Kumsal Bayazit was appointed CEO of Elsevier in February 2019. Her keynote address focused on observing the dynamic world of research with these main topics:
- Collaborating to Support the Research Community: The Next Chapter
- Learning from diverse perspectives
- Looking forward to the future
She noted that literacy rates have increased, as have the number of women in the workforce. We should be proud of the progress that has been made. Major challenges in research today include global warming, ocean pollution, food and water security, lifespan and quality, social inequality, and growth.
It is important for governments and funders to protect and grow spending and demonstrate the impact of research on society. Researchers discover and invent to solve problems, ensure reproducibility and attract talent and collaborators. Librarians continue as guardians of knowledge dissemination, preserve and showcase intellectual outputs, and advise on the use of metrics, new standards of practice, and research impacts. A fundamental issue for libraries is that budgets do not keep pace with growth of articles published.
Elsevier fully supports open access and creating value for researchers by applying text mining. There are many points of view on OA. It is important to work with librarians and openly discuss issues and how to resolve them. When asked about selecting a journal in which to publish their work, researchers value journal quality above all else. OA is of least importance to them. Predatory publishing is a challenge for gold OA publishers. Approaches to overcome obstacles vary widely because what different customers want varies widely.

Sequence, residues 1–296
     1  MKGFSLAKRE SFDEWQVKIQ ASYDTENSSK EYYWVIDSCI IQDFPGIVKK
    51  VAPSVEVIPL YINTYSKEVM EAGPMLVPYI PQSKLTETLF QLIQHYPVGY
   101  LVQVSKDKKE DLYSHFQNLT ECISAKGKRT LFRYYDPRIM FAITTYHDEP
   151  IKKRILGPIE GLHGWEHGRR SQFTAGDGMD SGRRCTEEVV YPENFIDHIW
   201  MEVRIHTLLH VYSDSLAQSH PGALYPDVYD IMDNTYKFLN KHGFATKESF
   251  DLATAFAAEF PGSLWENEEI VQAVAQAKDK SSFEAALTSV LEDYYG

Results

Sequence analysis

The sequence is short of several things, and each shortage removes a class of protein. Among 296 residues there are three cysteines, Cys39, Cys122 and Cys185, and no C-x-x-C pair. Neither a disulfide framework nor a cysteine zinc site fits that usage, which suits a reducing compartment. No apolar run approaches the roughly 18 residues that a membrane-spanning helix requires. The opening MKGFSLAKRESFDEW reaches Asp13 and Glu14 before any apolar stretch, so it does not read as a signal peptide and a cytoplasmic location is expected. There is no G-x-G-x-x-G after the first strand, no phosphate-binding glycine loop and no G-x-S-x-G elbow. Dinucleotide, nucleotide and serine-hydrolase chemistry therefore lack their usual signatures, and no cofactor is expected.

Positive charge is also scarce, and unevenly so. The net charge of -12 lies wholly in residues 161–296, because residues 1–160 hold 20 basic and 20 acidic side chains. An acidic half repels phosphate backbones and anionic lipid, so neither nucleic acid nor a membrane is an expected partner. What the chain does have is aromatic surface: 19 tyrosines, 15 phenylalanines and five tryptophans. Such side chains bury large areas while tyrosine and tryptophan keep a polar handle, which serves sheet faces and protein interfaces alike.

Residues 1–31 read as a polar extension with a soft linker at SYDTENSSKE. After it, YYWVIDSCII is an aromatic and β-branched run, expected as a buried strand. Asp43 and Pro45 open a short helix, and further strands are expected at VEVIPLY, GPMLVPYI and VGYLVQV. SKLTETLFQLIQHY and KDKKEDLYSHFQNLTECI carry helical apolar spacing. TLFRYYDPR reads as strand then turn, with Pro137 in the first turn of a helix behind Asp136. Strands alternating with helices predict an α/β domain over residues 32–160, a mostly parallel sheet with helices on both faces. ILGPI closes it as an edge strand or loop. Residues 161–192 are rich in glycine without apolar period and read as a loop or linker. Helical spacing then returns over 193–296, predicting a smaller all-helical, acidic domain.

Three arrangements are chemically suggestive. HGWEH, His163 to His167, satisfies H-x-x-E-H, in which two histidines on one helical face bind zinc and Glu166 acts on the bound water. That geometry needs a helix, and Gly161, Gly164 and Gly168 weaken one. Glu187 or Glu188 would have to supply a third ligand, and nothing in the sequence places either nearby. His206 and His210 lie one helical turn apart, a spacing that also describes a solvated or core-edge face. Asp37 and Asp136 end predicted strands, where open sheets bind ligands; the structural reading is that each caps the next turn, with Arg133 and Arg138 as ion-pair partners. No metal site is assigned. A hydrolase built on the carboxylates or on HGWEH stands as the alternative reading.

Elsevier will continue to support OA across its journal portfolio. We must not underestimate the work and time needed to accomplish this. Acknowledge issues, talk openly about them, establish trust. Many researchers are proud of their work with Elsevier’s journals. Reasons for lack of trust include price increases, prices not transparent, high margins on sales. Some mistakes have been made such as the double digit increases in 1980s and 1990s, but since then, Elsevier’s increases have been the lowest in the industry. The Big Deal has created challenges.
Elsevier is a for-profit company but a responsible one. It is committed to social responsibility. Trust is achieved through actions, not just words.
Looking forward to the future: Partnering with the community. Imagine how insights would be generated if researchers could collaborate within and without their community so that reproducibility can become a reality. Imagine no friction in peer review, no friction between disciplines, and no friction in resource allocation or data management. Imagine easily demonstrating impact or inclusive and diverse research and research communities. Librarians are key partners in all of this. There are many possibilities of partnerships to support research as it becomes more data intensive.
Conclusion: We will work with all stakeholders collaboratively and productively to work on diversity, promote OA, and contribute as a responsive citizen. We support early female researchers and are working on analytics to understand what the numbers show. The next issue is gender in science and submission practices. We need to increase transparency in pricing without double dipping. Pricing has evolved over the last 20 years in very complex ways.
Don Hawkins blogs about conferences for Information Today and Against The Grain (ATG) and writes about conferences in his ATG column “Don’s Conference Notes”. He also maintains the Conference Calendar on the Information Today website and is the Editor of Personal Archiving: Preserving Our Digital Heritage, published by Information Today in 2013, and Co-Editor of Public Knowledge: Access and Benefits, published by Information Today in 2016. He received his Ph.D. degree from the University of California, Berkeley, and has worked in the information industry for over 45 years.